Holy Cow! Cubs Win the World Series
With the Midas touch, Theo Epstein turns second legendary loser into a champion
For 108 years, they’ve been the lovable losers, but the Chicago Cubs are finally World Series Champions. It was the longest span without winning a title in major American pro sports, yet, among more than a century of losses and missed opportunities the Cubbies grew to one of the most popular sports brands in the world.
In New Orleans, love for the team is so extreme that customers at the Milan Lounge, the self-described Wrigley Field South, stood packed, shoulder-to-shoulder throughout the playoffs to take in games with like-minded fans. Bruno Tavern’s celebrated the Cubs’ feat by offering patrons two hours of free drinking after Game 6 and an hour on the house after Game 7.
Despite playing more like the Bad News Bears more often than not over the years, the Cubs gained a diehard nationwide following, due much in part to Chicago superstation WGN broadcasting their games to homes around the country via cable television.
Even when games were bad, WGN’s play-by-play announcer Harry Caray was captivatingly entertaining and could steal the show without even trying. He had a solid reputation for partying, giving fans a reason to wink and nudge as he slurred his speech, mispronounced names and made wild declarations, seemingly out of no where. But he grew into an icon and made Cubs games can’t miss TV. After every Cubs’ home run, you could count on Caray to shout “Holy Cow” in a drawn out manner that sounded more like, “Ho Lee Cow.” At every game, he’d open the broadcast booth’s stadium window, take over Wrigley’s public address system, and lead the crowd in singing “Take Me Out to the Ballgame” during the seventh inning stretch, always displaying the same joyous enthusiasm no matter the score. And when Chicago was the victor he closed games by exclaiming, “Cubs win! Cubs win! Cubs win!”
I’d dare say Caray had as much influence on making individuals Cubs fans as any of the players on the team. Well parodied by comedian Will Ferrell, he was like the fun-loving family member you always thought might be a little bit crazy, but never missed an opportunity to hang out with. Long a pitchman for Budweiser, the beer company aired two commercials in his honor immediately after the series ended. The second, with a Caray voiceover “calling” the last out of Game 7, will give long-time fans goose bumps.
The Cubs began playing at Wrigley Field in 1916. Unique characteristics of the stadium include an ivy-covered brick wall – without padding – in the outfield and a hand-operated scoreboard at the top of the center field bleachers. The ballpark didn’t get lights until August 1988, so many home games were in the afternoon. For millions of latch-key Generation Xers like me, the Cubs were the baseball team of our adolescence. When we got home from school or summer camp, we tuned in to Cubs’ games before our parents got home.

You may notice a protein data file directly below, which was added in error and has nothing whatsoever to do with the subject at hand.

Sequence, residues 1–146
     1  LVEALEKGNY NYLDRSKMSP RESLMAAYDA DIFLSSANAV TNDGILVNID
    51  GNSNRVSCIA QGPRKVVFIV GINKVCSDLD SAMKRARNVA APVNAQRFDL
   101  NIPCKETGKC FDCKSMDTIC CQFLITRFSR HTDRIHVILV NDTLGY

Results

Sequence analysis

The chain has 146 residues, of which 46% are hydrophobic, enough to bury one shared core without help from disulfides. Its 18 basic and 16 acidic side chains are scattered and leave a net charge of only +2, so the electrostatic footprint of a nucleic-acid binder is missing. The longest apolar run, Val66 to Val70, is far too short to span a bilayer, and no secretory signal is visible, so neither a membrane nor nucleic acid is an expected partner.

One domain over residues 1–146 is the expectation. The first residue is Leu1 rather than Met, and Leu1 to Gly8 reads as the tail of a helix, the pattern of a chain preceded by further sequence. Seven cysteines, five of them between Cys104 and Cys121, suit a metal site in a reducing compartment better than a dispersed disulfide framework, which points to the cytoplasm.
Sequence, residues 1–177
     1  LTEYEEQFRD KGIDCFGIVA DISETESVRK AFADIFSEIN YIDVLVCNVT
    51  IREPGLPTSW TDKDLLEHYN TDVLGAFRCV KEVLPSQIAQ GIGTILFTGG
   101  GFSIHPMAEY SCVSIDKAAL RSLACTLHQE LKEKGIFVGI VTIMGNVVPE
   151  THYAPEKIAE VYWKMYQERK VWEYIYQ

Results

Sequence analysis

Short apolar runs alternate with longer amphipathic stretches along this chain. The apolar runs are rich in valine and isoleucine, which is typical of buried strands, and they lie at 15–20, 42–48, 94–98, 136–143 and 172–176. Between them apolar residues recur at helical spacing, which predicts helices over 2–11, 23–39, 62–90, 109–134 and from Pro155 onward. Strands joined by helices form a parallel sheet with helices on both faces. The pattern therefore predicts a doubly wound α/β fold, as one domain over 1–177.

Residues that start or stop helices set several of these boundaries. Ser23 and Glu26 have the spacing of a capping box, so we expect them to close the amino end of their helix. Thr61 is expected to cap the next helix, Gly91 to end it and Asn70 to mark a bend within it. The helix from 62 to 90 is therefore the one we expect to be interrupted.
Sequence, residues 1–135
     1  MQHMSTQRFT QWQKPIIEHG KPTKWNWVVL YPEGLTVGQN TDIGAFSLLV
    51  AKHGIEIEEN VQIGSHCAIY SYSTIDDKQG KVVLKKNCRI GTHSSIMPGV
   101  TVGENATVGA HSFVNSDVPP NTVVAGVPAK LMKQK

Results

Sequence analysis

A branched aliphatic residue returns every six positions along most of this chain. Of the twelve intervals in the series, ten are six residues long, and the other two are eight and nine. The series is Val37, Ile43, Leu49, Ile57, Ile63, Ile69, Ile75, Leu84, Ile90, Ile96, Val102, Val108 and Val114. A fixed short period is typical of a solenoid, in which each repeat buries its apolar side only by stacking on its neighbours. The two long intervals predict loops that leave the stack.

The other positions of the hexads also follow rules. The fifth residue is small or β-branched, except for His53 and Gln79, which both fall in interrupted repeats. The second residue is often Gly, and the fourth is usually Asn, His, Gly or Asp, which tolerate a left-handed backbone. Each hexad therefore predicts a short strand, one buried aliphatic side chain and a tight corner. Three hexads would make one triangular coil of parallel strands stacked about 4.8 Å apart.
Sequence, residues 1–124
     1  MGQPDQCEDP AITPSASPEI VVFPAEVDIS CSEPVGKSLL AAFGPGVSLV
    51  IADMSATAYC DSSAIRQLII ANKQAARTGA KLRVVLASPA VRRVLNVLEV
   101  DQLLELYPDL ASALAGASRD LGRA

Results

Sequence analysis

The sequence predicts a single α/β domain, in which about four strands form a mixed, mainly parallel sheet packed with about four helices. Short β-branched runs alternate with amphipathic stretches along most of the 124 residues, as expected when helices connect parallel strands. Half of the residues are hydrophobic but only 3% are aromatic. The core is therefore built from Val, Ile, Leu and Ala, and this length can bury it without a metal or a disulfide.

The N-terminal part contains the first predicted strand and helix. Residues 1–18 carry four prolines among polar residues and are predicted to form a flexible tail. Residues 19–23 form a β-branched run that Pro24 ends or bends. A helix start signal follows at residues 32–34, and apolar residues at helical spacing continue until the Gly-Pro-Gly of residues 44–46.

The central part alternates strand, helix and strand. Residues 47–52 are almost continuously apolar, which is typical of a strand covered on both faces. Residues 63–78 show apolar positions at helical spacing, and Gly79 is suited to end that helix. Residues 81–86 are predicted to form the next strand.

Even though the Cubs lost, often times more than they won, being a Cubs fan has always felt like being part of a family. And our family may not be perfect or win as often as the Yankees or Cardinals, but, damn, we have fun. Along the way, we’ve held out hope that one day we would be lucky enough to see the Cubs win the World Series. As the Cubs got close, fans flocked to the brick wall at the Right Field entrance to Wrigley to write the names of fellow fans, who were unable to experience this World Series run.
Going to Wrigley holds special significance – and not just for Cub fans. It’s an American icon, home to, arguably, the most famous play in baseball history – Babe Ruth’s Called Shot. It’s old, lacks many modern features standard in modern ballparks, and is simply perfect. An opponent hits a home run in our park; we throw it back. Meanwhile, we’ll cause great physical harm to ourselves trying to retrieve a Cub hit ball.
Baseball thrives on its tradition, and Wrigley, along with Boston’s Fenway Park, are direct links to baseball’s past.
Speaking of Boston, the Red Sox went 86 years between winning World Series titles in 1918 and 2004. Theo Epstein was the Red Sox’s general manager who built the Boston teams that won championships in 2004 and 2007. He joined the Cubs in 2011, and, as President of Baseball Operations, built them into a team that may be on the verge of a dynasty. At 43, Epstein seems to have the Midas touch in turning legendary losing, some say cursed, franchises into world champions. If they haven’t already, Baseball’s Hall of Fame needs to reserve space for Epstein’s inevitable enshrinement. He’s already earned his ticket to Cooperstown; the only question now is how many accolades will he collect along the way.
Ever eternal optimists, Cubs fans used to end the season saying, “Wait ’til next year.”
Now, World Series Champions, Cubs fans are saying, “Can’t wait ’til next year.”